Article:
(27/09/2019) Under the “downsizer” contribution scheme, individuals aged 65 years and over who sell their home may contribute sale proceeds of up to $300,000 per member as a “downsizer” superannuation contribution (which means up to $600,000 for a couple).

These contributions don’t count towards your non-concessional contributions cap and can be made even if your total superannuation balance exceeds $1.6 million. You’re also exempt from the “work test” that usually applies to voluntary contributions by members aged 65 and over.

However, if you don’t qualify for the scheme, your contribution could count as a non-concessional contribution and cause you to breach your contributions cap. Here are some areas where the ATO is seeing mistakes with the eligibility rules.

10-year ownership

You, your spouse or a former spouse must have owned the property for the 10 years prior to the sale. The ATO explains that it’s not necessary for the same person to hold the property during those 10 years, just some combination of the above three. However, the property must also be owned by you or a current spouse (not a former spouse) just before you sell.

Another thing to watch is that the ownership period is generally calculated from the date of settlement of purchase to the date of settlement of sale. For example, if you signed a contract to purchase “off the plan”, the settlement might occur much later and that’s when your ownership period starts.

Main residence exemption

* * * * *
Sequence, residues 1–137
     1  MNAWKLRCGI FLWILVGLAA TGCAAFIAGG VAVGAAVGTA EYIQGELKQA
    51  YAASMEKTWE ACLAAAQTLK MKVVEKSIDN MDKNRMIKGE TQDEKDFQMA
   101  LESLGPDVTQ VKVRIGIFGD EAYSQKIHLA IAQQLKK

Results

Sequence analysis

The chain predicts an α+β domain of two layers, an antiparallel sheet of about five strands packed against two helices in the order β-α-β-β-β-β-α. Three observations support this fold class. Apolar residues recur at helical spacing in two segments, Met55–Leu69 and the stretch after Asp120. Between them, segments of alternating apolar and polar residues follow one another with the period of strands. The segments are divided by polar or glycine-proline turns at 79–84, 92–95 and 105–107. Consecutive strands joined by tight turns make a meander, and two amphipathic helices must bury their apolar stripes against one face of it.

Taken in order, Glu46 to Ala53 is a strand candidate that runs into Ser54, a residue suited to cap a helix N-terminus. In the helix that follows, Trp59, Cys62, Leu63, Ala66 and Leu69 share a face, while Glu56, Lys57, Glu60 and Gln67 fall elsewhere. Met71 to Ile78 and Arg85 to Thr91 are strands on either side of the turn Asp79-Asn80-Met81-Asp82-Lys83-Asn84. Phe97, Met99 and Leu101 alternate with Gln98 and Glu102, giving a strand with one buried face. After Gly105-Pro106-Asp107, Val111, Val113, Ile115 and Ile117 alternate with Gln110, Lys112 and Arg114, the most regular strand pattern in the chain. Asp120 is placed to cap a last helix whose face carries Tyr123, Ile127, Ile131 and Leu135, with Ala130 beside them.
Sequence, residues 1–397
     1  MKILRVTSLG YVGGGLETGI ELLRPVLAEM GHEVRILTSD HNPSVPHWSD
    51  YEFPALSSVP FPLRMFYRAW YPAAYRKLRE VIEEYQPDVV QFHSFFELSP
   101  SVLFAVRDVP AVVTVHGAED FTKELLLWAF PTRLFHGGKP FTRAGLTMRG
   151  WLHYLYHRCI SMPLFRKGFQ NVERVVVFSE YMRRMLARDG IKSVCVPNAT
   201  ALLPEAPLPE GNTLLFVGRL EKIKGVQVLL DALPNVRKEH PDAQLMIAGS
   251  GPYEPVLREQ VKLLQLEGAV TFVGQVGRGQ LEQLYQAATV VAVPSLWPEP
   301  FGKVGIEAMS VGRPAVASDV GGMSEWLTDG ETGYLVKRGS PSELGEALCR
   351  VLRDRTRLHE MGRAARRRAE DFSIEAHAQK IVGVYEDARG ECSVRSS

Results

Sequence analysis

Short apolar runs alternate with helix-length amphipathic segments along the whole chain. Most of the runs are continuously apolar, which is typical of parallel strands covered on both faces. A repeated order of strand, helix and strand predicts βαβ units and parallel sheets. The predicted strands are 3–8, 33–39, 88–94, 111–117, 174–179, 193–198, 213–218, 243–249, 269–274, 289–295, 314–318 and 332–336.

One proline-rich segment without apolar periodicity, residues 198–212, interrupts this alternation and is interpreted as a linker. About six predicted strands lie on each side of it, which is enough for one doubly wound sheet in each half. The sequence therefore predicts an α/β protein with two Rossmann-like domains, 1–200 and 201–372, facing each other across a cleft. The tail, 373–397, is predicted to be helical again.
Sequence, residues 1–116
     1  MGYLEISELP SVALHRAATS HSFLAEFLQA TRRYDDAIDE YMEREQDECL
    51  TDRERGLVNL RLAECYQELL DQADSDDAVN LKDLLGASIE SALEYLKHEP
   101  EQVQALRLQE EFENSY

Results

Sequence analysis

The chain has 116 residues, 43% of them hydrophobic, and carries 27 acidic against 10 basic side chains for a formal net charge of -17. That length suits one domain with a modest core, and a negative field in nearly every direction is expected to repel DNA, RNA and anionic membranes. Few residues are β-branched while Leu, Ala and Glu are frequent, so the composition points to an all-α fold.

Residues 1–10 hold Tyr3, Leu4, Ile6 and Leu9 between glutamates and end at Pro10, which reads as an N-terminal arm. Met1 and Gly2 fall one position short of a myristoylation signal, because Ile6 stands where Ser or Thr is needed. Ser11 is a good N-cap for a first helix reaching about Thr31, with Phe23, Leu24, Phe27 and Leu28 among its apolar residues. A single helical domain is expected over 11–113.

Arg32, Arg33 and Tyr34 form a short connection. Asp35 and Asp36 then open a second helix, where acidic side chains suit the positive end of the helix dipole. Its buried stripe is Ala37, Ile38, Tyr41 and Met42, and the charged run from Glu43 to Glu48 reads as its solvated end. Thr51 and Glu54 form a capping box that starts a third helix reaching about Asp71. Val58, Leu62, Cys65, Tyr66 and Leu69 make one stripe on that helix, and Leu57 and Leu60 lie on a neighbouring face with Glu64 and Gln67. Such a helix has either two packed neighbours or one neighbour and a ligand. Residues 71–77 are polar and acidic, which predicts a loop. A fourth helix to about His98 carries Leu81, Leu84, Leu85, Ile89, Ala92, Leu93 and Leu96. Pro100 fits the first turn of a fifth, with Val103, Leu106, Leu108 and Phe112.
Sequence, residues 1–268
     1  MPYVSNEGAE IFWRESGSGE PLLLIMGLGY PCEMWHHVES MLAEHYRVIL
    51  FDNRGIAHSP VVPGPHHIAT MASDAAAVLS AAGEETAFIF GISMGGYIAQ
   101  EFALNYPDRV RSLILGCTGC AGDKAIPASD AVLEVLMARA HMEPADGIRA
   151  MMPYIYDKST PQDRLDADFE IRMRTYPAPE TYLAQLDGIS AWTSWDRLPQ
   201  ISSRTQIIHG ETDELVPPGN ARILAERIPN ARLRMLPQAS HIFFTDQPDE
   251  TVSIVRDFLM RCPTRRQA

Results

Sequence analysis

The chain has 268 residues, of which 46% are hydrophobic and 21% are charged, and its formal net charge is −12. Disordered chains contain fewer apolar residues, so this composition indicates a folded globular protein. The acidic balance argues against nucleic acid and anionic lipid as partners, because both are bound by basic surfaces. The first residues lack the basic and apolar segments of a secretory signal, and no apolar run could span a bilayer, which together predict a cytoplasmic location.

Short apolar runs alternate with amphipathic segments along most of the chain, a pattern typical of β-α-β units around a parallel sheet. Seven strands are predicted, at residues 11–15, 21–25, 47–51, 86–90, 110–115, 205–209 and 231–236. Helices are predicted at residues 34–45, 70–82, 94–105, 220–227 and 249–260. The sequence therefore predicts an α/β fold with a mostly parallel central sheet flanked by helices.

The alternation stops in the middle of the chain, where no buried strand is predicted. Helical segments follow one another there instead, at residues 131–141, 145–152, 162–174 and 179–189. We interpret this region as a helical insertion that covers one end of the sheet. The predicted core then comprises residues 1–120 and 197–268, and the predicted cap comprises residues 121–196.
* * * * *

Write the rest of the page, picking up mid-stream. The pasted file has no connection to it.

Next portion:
Another key requirement is that the capital gain from the sale must be wholly or partially exempt from capital gains tax (CGT) under the “main residence exemption”. If your home is a “pre-CGT asset” (ie acquired before 20 September 1985), it must be the case that the capital gain would hypothetically qualify for the main residence exemption, in whole or in part, if it had been acquired on or after 20 September 1985.

You won’t qualify for any main residence exemption where you’ve never used the property as your main residence. But thankfully, even a partial main residence exemption will allow you to make downsizer contributions, eg where you use your home to generate income (in addition to living there).

The main residence requirement is not related to the 10-year ownership requirement, so it’s not necessary that the property was your main residence during that 10-year period.

The key to a successful downsizer strategy is to plan ahead. Contact our office to ensure you’ll meet all the relevant requirements.